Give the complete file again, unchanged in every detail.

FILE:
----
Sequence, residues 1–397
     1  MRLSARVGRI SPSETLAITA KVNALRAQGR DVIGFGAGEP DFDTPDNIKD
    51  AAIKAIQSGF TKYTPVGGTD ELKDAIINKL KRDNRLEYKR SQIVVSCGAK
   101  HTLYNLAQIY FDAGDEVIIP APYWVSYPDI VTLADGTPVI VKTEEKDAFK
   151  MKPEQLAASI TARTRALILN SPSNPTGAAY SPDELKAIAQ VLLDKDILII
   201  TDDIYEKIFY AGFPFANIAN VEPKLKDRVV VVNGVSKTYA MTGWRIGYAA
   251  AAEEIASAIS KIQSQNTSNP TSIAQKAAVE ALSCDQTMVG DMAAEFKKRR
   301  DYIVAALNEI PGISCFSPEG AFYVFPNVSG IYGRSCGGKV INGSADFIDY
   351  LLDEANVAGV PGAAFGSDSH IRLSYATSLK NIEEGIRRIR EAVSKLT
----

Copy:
Sequence, residues 1–397
     1  MRLSARVGRI SPSETLAITA KVNALRAQGR DVIGFGAGEP DFDTPDNIKD
    51  AAIKAIQSGF TKYTPVGGTD ELKDAIINKL KRDNRLEYKR SQIVVSCGAK
   101  HTLYNLAQIY FDAGDEVIIP APYWVSYPDI VTLADGTPVI VKTEEKDAFK
   151  MKPEQLAASI TARTRALILN SPSNPTGAAY SPDELKAIAQ VLLDKDILII
   201  TDDIYEKIFY AGFPFANIAN VEPKLKDRVV VVNGVSKTYA MTGWRIGYAA
   251  AAEEIASAIS KIQSQNTSNP TSIAQKAAVE ALSCDQTMVG DMAAEFKKRR
   301  DYIVAALNEI PGISCFSPEG AFYVFPNVSG IYGRSCGGKV INGSADFIDY
   351  LLDEANVAGV PGAAFGSDSH IRLSYATSLK NIEEGIRRIR EAVSKLT